1. Remuneration Policy. The Council's Proposal introduced this concept and requires AIF managers to maintain a remuneration policy aligning compensation to performance and deferring (in part) variable remuneration (including carried interest). It also proposes that details relating to the remuneration paid to certain individuals (including carried interest) should be disclosed in the annual report. The Commission's Proposal was silent on this issue but the Parliament's Proposal confirms that AIF managers should establish remuneration policies that are compatible with credit institutions. We can expect that the next draft of the Directive will include provisions in this area, designed to align the regulation with that of the financial services industry generally.
  2. Marketing EU Funds. An authorised AIF manager will be entitled to market interests in an EU domiciled fund to professional investors across Europe.
  3. Management and Marketing of Non-EU funds. The Commission's Proposal regarding the funds established in countries falling outside the EEA (set out in articles 35-39) have received particularly fierce condemnation as being protectionist and anti-competitive. The Council's Proposal has deleted those articles and replaced them with a square bracketed provision, indicating that AIF managers can manage non-EEA AIFs if the legislation of the country where the AIF is established is in line with certain standards and an appropriate co-operation agreement with such country is in place. The Commission's Proposal generally supports the proposition that an AIF manager may market a fund to professional investors across Europe. The Council's Proposal and the Parliament's Proposal seem to limit this to EU domiciled funds.
  4. Marketing to Retail Investors. All three Proposals allow Member States the discretion to permit the marketing of AIFs to retail investors. Each proposal contains certain specific additional requirements.
  5. Marketing by Non-EU AIF managers. The three Proposals differ significantly in this area and this topic has been subject to heavy debate. If such activity is permitted, then it is expected that co-operation and information exchange agreements would be required with the country involved.
  6. Valuation. The Commission's Proposal required each AIF manager to appoint an independent valuer. This is supported by the Parliament's Proposal although it recognises that private equity funds may not require frequent valuations. The requirement is removed and replaced in the Council's Proposal with a general requirement to ensure that appropriate procedures are in place to provide a proper valuation and ensure independence of the valuation.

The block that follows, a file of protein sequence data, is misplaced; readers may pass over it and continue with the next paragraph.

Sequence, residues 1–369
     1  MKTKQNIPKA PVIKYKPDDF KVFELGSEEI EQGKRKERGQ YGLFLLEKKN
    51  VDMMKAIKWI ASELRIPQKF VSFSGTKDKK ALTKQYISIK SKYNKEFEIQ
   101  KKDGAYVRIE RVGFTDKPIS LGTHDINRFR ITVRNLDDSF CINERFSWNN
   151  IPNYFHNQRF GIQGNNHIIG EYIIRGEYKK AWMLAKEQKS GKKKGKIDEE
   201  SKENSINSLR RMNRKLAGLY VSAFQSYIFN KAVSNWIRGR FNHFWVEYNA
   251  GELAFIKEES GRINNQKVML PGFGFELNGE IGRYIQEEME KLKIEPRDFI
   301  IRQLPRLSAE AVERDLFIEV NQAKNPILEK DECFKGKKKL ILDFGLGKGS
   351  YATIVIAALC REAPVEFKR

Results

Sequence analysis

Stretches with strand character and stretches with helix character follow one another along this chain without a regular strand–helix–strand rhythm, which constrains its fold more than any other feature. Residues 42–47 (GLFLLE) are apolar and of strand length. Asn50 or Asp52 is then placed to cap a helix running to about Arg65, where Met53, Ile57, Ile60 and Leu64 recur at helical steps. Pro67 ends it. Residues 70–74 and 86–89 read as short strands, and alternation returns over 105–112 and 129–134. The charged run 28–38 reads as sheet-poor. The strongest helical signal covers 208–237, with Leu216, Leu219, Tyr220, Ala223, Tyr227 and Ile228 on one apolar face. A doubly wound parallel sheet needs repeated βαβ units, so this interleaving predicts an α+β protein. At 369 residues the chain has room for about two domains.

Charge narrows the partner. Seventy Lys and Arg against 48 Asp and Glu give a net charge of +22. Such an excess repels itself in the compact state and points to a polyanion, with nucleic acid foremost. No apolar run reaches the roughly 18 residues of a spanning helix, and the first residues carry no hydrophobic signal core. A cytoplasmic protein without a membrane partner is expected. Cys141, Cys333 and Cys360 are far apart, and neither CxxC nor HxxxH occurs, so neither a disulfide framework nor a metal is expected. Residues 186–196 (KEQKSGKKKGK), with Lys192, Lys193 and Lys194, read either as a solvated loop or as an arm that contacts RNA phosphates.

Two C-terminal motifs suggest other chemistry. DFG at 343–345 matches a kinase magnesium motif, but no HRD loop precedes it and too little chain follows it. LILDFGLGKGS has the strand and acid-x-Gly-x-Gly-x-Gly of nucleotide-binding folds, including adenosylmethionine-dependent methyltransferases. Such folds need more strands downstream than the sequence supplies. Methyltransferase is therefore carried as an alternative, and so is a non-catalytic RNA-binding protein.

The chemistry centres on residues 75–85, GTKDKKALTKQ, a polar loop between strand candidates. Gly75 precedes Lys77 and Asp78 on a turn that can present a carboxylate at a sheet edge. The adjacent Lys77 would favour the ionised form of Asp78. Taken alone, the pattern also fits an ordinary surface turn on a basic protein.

7. Depositaries. The Commission's Proposal that, essentially, only banks could act as depositaries was an understandable reaction to Madoff. However, many have considered this proposal as impracticable. The Swedish Presidency agreed. It said that "given the global character of the many market players, the current draft does not seem workable". It would also give rise to difficulties with nominee holding structures. The Council's Proposal as a result accommodates a number of comments made in the response issued jointly by the Financial Services Authority and HM Treasury to the Commission's consultation paper. The Parliament's Proposal also proposes extending the category of persons that are able to act as depositaries.

What next?

The Council's Proposal and Parliament's Proposal do not replace the Commission's Proposal - they are now all subject to simultaneous consideration. Almost every article contained within the Proposals is subject to intense lobbying. It is politically very sensitive. The next few months will be very interesting.

A revised draft of the Directive will be issued in due course after tripartite meetings of the Commission, the Parliament and Council. We can expect the lobbying to continue and it is expected that significant changes will be made before the final Directive is put to the European Parliament for approval, possibly by mid-late 2010. Domestic implementing measures will then be required and the Council's Proposal indicates that Member States will have 24 months to do this.

We will continue to keep a close eye on the Directive as it progresses. If you have any immediate queries or concerns then please contact us.

Wragge & Co's Funds team is a specialist team comprising tax, corporate, finance, regulatory and dispute resolution experts advising on every aspect of a funds lifecycle. The team is involved in a mix of domestic and international fund structures. It provides advice to investors (including pension funds), fund managers, the fund vehicles, sponsors and operators.